Cost of funds still high, cut key rates: Assocham

Cost of funds still high, cut key rates: Assocham
PTI
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First Published: Sun, Jan 25 2009. 06 08 PM IST
Updated: Sun, Jan 25 2009. 06 08 PM IST
New Delhi: With industry posting a negative growth in October and marginal improvement in November 2008, corporates have asked RBI to signal further cut in interest rates by banks in its forthcoming monetary review on 27 January as their costs of funds are still too high, a survey said.
About 78% of the 150 CEOs surveyed said the previous cuts by RBI could not improve their financing situation due to unwillingness by the banks to lend money, industry body Assocham said.
Since October last year, RBI, in a slew of measures to inject liquidity into the economy, has brought down the cash reserve ratio (mandatory deposits banks need to park with the apex bank) from 9% to 5.5%, while the repo rate (rate at which banks take loans from RBI) is slashed from 9% to 5%.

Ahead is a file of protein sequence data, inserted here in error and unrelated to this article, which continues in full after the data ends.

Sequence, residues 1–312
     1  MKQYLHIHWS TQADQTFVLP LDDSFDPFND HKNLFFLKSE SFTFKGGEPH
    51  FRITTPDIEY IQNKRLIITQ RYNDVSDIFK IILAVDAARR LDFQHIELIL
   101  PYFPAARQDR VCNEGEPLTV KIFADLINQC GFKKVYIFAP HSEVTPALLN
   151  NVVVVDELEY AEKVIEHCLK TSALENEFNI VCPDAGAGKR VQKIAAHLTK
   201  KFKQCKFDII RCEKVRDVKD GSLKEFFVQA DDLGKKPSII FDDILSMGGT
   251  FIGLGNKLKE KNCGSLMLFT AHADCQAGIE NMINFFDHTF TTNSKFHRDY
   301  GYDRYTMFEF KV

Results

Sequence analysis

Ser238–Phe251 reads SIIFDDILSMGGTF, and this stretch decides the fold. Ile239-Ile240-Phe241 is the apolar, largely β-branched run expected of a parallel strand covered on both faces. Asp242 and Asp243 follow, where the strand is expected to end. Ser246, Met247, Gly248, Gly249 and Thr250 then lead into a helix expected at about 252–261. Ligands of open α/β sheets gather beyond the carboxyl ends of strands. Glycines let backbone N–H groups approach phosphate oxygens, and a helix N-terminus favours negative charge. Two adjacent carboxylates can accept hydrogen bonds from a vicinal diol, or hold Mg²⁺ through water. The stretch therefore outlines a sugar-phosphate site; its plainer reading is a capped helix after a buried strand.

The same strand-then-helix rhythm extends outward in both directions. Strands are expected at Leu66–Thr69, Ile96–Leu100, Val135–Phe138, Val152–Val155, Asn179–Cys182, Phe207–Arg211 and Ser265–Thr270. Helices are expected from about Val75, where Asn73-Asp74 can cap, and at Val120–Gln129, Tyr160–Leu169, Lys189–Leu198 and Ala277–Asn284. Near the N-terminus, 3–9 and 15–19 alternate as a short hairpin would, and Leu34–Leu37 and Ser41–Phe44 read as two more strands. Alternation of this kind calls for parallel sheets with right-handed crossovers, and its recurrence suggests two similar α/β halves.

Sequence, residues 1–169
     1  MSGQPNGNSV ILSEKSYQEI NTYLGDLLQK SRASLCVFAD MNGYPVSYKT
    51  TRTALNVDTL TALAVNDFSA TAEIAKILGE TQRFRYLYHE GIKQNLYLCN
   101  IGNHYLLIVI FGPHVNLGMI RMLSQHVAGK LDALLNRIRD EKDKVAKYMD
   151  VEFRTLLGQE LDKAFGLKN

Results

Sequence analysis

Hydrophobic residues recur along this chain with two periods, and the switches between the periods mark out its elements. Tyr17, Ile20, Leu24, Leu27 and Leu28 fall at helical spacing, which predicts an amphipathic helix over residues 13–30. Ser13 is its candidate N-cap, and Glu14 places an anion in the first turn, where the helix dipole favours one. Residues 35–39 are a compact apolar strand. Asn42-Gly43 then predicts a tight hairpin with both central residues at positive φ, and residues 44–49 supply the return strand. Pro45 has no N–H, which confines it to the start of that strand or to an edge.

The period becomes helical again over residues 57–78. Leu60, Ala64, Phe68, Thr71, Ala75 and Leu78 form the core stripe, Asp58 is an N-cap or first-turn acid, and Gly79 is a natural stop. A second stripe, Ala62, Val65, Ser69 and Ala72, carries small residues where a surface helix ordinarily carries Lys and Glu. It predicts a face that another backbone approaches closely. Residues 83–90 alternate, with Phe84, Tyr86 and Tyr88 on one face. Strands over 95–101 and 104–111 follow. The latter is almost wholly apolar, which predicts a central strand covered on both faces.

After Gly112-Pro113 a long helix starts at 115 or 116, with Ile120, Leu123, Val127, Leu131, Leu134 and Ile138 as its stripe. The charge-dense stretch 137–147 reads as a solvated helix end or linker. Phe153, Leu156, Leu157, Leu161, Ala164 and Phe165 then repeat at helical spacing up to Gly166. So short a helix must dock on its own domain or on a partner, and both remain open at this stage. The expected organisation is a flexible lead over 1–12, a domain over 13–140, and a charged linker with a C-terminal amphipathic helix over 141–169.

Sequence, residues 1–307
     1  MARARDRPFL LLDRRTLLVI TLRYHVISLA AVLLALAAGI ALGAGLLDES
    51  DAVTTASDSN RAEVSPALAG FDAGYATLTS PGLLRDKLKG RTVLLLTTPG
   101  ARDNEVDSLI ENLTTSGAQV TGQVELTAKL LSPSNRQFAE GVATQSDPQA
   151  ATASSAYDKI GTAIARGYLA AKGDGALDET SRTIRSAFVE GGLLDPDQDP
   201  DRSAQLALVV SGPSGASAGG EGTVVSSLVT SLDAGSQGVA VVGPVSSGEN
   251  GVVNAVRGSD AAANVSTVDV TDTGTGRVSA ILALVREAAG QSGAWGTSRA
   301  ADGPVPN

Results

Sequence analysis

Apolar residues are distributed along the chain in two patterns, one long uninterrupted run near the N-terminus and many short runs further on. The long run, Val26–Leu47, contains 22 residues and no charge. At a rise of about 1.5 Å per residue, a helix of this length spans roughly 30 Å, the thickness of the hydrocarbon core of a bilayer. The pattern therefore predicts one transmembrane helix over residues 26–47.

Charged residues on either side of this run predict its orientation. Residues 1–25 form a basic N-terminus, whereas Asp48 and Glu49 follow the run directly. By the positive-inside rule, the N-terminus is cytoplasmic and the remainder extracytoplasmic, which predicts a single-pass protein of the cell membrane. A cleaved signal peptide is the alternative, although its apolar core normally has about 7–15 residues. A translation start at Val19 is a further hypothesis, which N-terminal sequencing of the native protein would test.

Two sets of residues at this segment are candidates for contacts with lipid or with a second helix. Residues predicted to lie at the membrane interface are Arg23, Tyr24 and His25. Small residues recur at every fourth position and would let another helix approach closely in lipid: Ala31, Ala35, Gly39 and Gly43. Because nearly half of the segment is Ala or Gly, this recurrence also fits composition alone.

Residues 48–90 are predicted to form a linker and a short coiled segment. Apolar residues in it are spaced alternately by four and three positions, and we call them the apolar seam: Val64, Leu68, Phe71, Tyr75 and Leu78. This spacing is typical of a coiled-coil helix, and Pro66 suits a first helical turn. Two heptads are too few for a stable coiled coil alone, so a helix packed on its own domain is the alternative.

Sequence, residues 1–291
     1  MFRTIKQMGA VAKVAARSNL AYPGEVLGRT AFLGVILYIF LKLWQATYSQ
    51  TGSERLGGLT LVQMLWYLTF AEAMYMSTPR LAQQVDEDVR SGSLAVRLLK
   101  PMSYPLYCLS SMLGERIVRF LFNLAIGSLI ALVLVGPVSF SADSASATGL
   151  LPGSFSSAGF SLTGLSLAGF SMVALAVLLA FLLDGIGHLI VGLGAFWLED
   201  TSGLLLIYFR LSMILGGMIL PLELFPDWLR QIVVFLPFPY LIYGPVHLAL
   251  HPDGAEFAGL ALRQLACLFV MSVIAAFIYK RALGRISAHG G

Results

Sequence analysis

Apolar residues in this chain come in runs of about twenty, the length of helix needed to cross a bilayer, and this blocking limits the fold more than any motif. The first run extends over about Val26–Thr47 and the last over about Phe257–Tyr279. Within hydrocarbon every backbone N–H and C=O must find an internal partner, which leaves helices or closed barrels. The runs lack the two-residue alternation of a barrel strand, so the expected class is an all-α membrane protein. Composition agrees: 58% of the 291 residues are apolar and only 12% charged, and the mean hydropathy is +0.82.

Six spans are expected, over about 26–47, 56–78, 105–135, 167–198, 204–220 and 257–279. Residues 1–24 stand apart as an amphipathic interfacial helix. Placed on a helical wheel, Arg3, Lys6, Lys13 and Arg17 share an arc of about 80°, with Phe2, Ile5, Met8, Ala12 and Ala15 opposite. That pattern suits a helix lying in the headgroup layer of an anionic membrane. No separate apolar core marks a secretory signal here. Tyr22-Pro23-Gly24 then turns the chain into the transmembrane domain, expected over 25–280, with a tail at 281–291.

Emphasising on the need to further cut the lending rate, the chamber said there is a huge scope of slashing the lending rates by the banks as the banking sector has recorded an impressive growth in the net interest income, it said.
The net interest income has risen by 37% during the third quarter of the fiscal.
According to the survey on the quarterly results of 15 banks, it was found that their net profit has jumped by 52% in the third quarter.
The industry said that repo rate should be slashed to 3% to induce the banks to cut their lending rates.
“Slashing of policy rates need to be supported by effective credit delivery to industry suffering from high financing costs, credit squeeze, lower consumer spending and falling global demand,” Assocham president Sajjan Jindal said.
Citing the figures of IIP, it said the RBI’s efforts have not really taken off to boost the manufacturing activity.
The IIP figure for the April-November 2008-09 was 3.9% as compared to 9.2% in the same period year ago.
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First Published: Sun, Jan 25 2009. 06 08 PM IST
More Topics: Assocham | RBI | Sajjan Jindal | Interest Rates | Banks |